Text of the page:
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Public Statements

During Visit to MSU, Gov. Nixon Calls for Undergraduate Tuition Freeze at Missouri's Public Universities

Press Release

By:
Date:
Location: Springfield, MO

During a visit to Missouri State University today, Gov. Jay Nixon announced that his Fiscal Year 2015 budget proposal will include a significant increase for Missouri's public four-year universities and called on those institutions to freeze tuition for Missouri undergraduates for the 2014-2015 school year.

"To keep our economy growing, we need every student in Missouri to have access to an affordable college education and to graduate without a heavy burden of debt," Gov. Nixon said. "Our efforts to hold down tuition and support our scholarship and financial aid programs have helped make Missouri a national leader in college affordability. Today I am calling on our four-year universities to help us build on this momentum by holding undergraduate tuition flat next year."

Gov. Nixon's Fiscal Year 2015 balanced budget proposal, which will be presented to the General Assembly in January, will include an additional $36.7 million in funding for Missouri's public universities. This five percent increase in funding will be made available through Missouri's performance-based funding model for higher education, implemented for the first time this past year.

"Nothing will have a greater impact on the future of our economy, and our state, than the commitment we make now to education. To continue preparing the workforce of tomorrow, I'm proposing a significant investment in Missouri's colleges and universities," Gov. Nixon said.

Gov. Nixon has made the quality and affordability of higher education in Missouri a top priority of his administration. Over the past five years, Missouri has led the nation in holding down tuition increases at its public colleges and universities. The College Board's 2013 Trends in College Pricing report shows that tuition and fees at Missouri's public four-year institutions increased just 5 percent since 2008, lower than in any other state in the nation.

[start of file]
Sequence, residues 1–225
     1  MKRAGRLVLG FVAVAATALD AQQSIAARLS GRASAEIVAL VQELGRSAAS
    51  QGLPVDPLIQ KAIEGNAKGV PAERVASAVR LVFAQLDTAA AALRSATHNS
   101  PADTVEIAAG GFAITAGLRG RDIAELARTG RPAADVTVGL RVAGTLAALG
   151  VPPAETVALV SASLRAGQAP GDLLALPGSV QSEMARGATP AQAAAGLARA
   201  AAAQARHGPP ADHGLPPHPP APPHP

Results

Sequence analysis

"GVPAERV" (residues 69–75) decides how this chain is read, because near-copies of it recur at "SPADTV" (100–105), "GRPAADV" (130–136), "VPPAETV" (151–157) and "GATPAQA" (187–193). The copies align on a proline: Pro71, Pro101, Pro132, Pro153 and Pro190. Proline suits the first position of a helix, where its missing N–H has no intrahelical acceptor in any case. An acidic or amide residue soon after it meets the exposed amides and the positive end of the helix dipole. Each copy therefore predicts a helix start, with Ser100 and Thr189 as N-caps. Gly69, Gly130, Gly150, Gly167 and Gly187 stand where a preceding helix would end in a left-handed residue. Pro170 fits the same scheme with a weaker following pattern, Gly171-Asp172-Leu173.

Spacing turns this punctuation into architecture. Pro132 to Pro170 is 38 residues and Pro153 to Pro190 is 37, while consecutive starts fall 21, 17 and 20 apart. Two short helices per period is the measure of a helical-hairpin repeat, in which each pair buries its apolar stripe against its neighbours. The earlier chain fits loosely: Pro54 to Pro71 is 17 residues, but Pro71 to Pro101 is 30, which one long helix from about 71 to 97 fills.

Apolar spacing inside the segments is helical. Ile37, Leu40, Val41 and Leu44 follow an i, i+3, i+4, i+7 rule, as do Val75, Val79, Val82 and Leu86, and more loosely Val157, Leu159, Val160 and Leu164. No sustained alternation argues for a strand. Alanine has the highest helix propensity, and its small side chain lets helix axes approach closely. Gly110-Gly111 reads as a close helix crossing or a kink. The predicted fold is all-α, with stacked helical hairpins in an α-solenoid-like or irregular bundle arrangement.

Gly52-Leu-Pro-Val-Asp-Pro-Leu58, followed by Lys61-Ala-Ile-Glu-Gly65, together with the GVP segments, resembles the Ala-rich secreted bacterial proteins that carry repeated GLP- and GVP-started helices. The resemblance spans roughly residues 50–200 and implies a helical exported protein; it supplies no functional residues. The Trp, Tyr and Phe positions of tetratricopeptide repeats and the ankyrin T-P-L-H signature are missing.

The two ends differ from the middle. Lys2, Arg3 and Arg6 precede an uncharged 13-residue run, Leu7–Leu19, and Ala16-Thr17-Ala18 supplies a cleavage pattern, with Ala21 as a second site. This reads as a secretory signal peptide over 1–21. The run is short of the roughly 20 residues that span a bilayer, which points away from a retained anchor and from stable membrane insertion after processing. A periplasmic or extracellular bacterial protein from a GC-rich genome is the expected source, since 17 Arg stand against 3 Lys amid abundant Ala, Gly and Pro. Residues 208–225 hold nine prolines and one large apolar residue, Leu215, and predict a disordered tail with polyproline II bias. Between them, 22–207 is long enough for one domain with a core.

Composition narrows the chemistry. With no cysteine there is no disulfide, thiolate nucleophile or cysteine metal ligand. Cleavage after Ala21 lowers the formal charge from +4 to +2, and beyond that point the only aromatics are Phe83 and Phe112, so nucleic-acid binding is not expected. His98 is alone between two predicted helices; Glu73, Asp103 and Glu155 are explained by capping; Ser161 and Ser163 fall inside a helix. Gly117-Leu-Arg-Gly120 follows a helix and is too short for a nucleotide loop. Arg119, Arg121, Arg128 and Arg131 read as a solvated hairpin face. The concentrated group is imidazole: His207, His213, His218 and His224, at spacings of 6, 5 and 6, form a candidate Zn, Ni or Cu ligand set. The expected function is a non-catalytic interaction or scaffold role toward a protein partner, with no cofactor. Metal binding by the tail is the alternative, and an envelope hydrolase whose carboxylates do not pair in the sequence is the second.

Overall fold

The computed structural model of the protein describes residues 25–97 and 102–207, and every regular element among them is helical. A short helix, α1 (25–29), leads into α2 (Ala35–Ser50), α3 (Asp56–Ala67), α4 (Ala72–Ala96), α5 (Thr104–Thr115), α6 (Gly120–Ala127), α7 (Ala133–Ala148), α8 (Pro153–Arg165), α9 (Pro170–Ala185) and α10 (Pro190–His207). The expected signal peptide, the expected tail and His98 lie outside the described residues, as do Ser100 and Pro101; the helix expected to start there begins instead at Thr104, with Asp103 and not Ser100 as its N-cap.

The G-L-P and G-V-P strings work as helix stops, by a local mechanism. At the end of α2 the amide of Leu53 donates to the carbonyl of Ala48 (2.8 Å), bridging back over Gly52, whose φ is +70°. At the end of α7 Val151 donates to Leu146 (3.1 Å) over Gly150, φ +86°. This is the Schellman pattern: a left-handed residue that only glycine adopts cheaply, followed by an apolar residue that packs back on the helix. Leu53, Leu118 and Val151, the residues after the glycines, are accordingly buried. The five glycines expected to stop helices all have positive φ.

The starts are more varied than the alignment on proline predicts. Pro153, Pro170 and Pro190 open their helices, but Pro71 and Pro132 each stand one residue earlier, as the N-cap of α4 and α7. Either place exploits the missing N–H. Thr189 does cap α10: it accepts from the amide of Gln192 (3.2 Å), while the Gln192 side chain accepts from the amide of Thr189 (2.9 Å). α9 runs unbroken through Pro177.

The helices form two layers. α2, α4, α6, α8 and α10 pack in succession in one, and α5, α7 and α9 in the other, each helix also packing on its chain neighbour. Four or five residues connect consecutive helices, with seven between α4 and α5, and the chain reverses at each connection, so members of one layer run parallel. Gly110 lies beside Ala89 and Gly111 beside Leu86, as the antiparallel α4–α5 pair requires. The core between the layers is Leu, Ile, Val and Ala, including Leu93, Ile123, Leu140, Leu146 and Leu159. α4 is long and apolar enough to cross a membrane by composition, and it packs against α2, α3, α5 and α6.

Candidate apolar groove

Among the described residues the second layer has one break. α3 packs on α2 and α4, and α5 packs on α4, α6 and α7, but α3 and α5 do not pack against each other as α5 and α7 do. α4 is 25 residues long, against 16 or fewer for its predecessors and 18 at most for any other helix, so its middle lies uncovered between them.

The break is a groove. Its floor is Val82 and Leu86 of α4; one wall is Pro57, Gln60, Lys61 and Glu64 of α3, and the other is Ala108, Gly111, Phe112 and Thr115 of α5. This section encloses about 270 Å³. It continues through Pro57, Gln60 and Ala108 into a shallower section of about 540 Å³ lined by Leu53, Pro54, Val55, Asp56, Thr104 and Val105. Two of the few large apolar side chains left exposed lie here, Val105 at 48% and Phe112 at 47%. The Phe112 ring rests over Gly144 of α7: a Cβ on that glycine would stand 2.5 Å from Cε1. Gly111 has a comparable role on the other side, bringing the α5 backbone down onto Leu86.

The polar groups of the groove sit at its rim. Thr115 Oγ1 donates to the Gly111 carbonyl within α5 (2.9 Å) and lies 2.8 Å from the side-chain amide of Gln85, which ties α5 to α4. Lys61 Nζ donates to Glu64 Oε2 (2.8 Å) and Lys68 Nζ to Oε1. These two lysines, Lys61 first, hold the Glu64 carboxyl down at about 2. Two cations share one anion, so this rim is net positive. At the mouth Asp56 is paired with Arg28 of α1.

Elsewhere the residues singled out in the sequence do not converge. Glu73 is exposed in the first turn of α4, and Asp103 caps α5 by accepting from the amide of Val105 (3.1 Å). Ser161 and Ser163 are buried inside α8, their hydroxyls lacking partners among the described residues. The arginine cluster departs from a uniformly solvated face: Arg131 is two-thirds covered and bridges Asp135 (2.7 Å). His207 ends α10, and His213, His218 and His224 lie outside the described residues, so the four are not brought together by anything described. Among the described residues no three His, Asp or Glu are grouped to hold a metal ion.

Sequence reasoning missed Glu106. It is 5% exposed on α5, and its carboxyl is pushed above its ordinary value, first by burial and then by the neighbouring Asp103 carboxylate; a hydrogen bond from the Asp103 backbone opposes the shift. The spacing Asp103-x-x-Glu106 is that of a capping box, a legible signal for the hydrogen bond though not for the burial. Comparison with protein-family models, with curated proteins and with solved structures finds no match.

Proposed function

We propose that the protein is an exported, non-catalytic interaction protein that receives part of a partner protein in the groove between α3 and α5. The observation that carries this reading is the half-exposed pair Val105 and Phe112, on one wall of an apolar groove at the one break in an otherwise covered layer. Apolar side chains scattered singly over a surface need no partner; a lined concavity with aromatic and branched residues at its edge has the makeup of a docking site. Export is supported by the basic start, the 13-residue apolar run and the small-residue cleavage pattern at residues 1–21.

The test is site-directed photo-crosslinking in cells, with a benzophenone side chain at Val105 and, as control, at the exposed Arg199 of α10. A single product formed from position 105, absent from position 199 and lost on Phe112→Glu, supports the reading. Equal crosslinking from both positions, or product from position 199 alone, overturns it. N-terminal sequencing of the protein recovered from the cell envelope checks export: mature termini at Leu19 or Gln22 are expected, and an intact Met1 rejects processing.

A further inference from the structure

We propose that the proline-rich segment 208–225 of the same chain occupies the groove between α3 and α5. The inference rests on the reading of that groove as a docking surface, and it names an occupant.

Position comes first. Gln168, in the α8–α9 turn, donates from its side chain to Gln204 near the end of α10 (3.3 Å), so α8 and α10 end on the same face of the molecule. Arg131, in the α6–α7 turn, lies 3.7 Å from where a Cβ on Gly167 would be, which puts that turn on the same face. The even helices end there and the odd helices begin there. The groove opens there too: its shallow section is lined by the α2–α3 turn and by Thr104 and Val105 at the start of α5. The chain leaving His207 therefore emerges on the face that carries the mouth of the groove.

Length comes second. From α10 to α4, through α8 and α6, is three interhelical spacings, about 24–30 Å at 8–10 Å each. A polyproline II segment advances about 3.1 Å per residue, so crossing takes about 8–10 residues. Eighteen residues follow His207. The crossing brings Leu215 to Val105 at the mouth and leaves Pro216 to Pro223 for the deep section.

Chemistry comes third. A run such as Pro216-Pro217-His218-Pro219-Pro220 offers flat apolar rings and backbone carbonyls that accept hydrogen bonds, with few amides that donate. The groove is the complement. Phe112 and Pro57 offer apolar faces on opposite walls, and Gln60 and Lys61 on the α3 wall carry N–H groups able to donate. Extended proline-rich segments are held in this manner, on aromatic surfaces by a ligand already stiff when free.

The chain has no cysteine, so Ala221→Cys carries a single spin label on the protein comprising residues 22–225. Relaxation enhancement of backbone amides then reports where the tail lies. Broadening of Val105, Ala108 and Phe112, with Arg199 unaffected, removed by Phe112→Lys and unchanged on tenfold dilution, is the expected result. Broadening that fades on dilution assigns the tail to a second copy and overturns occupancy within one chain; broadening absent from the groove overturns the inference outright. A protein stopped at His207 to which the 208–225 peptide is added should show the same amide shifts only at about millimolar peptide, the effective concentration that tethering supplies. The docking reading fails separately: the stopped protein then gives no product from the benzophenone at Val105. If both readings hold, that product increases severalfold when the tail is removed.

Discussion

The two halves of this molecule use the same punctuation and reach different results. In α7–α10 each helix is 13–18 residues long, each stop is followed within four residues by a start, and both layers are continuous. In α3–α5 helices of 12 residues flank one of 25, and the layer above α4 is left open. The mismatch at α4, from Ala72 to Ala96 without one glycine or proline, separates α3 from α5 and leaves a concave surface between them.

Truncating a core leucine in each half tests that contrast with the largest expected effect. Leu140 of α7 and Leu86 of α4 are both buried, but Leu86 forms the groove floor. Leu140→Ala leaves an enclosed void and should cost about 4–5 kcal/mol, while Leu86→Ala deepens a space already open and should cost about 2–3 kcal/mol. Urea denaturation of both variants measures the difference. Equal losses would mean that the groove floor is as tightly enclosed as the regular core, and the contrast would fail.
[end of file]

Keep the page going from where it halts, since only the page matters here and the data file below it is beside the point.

Since taking office, the Governor has made strategic investments to boost enrollment in high-growth, high-demand fields through programs like Caring for Missourians, MoHealthWins, and MoManufacturingWins.

Last year, Gov. Nixon set a goal of giving every student in the state the opportunity to earn a Missouri A+ scholarship. Under the A+ program, Missouri students can earn a scholarship to cover the cost of tuition and academic fees for two years at any public two-year community college or technical school in the state. To be eligible for the program, students must meet academic achievement standards, conduct and attendance requirements, and perform 50 hours of tutoring or mentoring service.

Since the Governor took office, 266 schools have been added to Missouri's A+ Schools program and 99 percent of public high school students in Missouri now have the opportunity to earn an A+ scholarship and attend two years of community college tuition free.

Last month, the Governor also put forward his proposal to enhance Missouri's Bright Flight scholarship program and encourage more high-achieving students to stay and work in Missouri after graduating from college. The Governor's proposal, Bright Flight Boost, calls for an additional $15 million to offer Bright Flight scholars the option of receiving an additional $5,000 per year on the condition that they pursue employment in Missouri after they graduate.

To be eligible for Bright Flight Boost, students must be a Missouri resident and a United States citizen or permanent resident, and have a composite score on the ACT or SAT in the top 3 percent of all Missouri students taking those tests. Bright Flight Boost will offer scholarship recipients the option of an additional $5,000 award each year for four years, if they commit to staying and working full-time in Missouri, after they've earned their college degree or credential. If the graduate pursues employment outside of Missouri prior to the completion of their commitment, they would have to pay the remaining award back to the state.


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